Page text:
Tag Archives: Women’s History
NATIONALCITIZENANDBALLOTBOX-18800401

Woman Past and Present (1880)

From National Citizen and Ballot Box for April 1880:

CARLOTTA GUILLARD, was the first French woman who followed printing for a business. She carried on this trade from 1506 to 1567, a period of sixty years and was famous for the beauty and correctness of her work.

LAKSHMI BAEI, the Rani, or Queen of Jhansi, headed her troops in person in the war with England. She dressed as a cavalry officer, and her wonderful generalship held the whole British army in check, until she was killed upon the field of battle.

MADAME DE MAINTENON was the secret wife of Louis XIV. This king was for more than half a century, the central figure in Europe, but after his marriage to Mme. de Maintenon, who was much his senior, he fell entirely under her influence, a power she retained until his death, some thirty years later. Though of good family, she was born in prison and cradled in poverty. Her face was beautiful, her form exquisite, her manners captivating, and her tact great. For many years she controlled the destinies of France, ruling Church and State and Society, selecting generals and ministers, laying plans for the cabinet, directing church action, repressing court licentiousness, ruling France “vigorously and with an iron hand.” She lived to be eighty-four, keeping her faculties to the last. Love of power was the mainspring of her action; for its sake she lived a lie to the world as mistress of the king instead of wife.

This item, and others like it, can be found in Accessible Archive’s Women’s Suffrage Collection. We can provide access to fully searchable newspapers by and for women including The Lily (1849-1856), National Citizen and Ballot Box (1878-1881), The Revolution (1868-1872), The New Citizen (1909-1912), The Western Woman Voter (1911-1913), The Woman’s Tribune (1883-1909) and the antisuffrage newspaper, The Remonstrance (1890-1913).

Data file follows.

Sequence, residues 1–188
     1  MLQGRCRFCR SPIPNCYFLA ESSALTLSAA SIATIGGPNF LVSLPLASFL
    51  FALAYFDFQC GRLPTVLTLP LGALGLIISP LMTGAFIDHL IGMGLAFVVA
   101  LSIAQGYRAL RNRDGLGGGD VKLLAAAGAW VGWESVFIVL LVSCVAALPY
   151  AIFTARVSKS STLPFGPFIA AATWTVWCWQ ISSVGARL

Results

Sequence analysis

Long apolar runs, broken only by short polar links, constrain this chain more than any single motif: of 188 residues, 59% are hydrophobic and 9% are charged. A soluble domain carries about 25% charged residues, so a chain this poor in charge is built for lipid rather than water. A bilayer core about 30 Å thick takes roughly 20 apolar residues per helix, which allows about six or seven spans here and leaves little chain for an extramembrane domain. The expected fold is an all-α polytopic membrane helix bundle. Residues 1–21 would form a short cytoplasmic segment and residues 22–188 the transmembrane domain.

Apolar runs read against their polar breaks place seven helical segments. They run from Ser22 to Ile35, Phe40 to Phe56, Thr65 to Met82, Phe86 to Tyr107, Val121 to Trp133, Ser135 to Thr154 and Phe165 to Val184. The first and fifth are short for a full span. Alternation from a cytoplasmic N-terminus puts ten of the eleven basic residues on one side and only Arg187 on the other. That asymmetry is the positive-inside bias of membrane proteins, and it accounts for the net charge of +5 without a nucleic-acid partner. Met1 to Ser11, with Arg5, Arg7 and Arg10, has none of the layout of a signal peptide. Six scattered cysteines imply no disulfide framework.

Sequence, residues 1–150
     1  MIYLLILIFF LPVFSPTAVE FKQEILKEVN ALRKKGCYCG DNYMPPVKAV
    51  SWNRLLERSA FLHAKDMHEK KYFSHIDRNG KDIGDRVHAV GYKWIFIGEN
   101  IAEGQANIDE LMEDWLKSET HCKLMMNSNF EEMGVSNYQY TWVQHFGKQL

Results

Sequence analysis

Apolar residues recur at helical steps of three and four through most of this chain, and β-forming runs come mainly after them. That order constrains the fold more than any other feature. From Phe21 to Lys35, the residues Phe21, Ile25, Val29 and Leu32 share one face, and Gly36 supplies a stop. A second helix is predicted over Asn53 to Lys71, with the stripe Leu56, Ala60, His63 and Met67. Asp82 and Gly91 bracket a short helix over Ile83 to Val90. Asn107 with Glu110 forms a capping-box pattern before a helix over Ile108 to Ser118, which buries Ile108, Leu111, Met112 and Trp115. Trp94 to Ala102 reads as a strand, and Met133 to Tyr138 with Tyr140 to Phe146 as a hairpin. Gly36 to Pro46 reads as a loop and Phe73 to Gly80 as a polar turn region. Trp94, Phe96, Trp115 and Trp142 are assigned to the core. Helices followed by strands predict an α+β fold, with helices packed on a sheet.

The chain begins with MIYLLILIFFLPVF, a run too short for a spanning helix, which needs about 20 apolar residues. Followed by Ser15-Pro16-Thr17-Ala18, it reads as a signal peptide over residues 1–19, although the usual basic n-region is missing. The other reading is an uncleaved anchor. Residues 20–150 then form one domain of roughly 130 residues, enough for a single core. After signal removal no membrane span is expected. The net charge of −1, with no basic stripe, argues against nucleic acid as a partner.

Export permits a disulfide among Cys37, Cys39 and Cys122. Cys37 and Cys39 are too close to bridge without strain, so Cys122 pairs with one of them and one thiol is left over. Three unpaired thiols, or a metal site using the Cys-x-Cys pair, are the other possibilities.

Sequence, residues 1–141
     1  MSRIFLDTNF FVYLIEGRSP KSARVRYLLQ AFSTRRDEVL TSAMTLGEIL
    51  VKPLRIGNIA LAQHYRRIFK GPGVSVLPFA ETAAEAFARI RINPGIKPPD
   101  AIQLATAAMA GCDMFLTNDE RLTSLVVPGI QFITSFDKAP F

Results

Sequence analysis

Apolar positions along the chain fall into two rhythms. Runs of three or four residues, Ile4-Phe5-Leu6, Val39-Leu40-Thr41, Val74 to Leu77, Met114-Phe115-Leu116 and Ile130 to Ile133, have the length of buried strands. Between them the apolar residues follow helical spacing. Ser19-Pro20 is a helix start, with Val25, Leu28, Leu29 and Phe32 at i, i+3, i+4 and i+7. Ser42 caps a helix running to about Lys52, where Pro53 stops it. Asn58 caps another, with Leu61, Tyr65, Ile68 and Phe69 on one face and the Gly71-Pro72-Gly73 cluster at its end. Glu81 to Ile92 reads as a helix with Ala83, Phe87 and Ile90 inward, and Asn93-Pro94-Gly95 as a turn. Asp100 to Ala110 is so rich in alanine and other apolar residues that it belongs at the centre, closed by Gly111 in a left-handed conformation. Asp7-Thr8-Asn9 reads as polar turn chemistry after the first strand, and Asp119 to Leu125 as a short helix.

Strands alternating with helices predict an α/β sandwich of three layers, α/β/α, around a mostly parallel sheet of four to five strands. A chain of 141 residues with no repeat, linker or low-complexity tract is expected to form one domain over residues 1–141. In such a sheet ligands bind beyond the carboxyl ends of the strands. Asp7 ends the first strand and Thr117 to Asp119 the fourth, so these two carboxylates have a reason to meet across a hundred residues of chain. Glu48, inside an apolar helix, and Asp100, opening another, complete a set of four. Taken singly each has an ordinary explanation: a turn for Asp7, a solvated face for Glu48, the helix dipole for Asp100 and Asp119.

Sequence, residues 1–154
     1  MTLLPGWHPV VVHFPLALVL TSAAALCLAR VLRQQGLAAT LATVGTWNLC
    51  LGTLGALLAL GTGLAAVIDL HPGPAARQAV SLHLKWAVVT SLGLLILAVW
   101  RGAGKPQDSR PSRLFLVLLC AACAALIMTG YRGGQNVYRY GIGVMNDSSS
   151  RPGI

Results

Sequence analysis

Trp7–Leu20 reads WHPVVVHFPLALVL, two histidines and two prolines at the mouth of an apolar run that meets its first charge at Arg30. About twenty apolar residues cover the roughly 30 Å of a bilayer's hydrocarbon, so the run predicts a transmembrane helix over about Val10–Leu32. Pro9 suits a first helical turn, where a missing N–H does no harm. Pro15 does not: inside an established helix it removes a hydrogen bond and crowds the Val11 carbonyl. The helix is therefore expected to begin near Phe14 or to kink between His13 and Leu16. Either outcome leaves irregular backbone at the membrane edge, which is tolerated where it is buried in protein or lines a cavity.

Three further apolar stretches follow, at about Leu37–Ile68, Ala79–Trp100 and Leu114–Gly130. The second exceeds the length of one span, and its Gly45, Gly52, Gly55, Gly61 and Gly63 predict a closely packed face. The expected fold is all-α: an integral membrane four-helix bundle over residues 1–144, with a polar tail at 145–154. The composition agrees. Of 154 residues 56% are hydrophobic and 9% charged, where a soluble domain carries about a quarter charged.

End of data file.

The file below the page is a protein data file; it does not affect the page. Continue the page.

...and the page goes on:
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Open Letter on Suffrage to Women’s Clubs in 1910

(The New Citizen/March 1910) No thoughtful woman, and especially no woman so thoughtful as to be identified with the vast club organization of the enterprising women of the nation for the mutual benefit of the individual and of society through the individual, can be indifferent to the thrill in the air of the effort of the equal suffrage organizations for full political freedom for women, in order that having by interchange of ideas discovered the things to be desired for human betterment they may help to attain them through direct influence upon the laws.

None can ignore the fact that men by securing political power have been able to improve their condition from the time of Magna Charta to today. Women as a body have in the past been quiescent for obvious reasons, timidity, lack of organization and initiative until the last half centry, since the Civil War forced them out into the world to solve the problem of existence for themselves and often for the families left by the war to their support. [women] (more…)


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Professor Scott of Northwestern on Women (1907)

(The Womans Tribune/March 30., 1907) When I was a boy I used to be told: “Now, John, when you get married marry some woman who will look up to you.” I went on that quest for some years but could not find what I wanted, so I began to look up, and have been looking up ever since. But that is not the reason of my belief in woman suffrage.

I have been a teacher for many years and I have found that the young women are being better educated than the young men. We never have any trouble about having women enough for the Phi Beta Kappa; there are usually ten or fifteen surplus; but it is hard to find men who can attain the degree.

This item, and others like it, can be found in Accessible Archive’s Women’s Suffrage Collection. We can provide access to fully searchable newspapers by and for women including The Lily (1849-1856), National Citizen and Ballot Box (1878-1881), The Revolution (1868-1872), The New Citizen (1909-1912), The Western Woman Voter (1911-1913), The Woman’s Tribune (1883-1909) and the antisuffrage newspaper, The Remonstrance (1890-1913).

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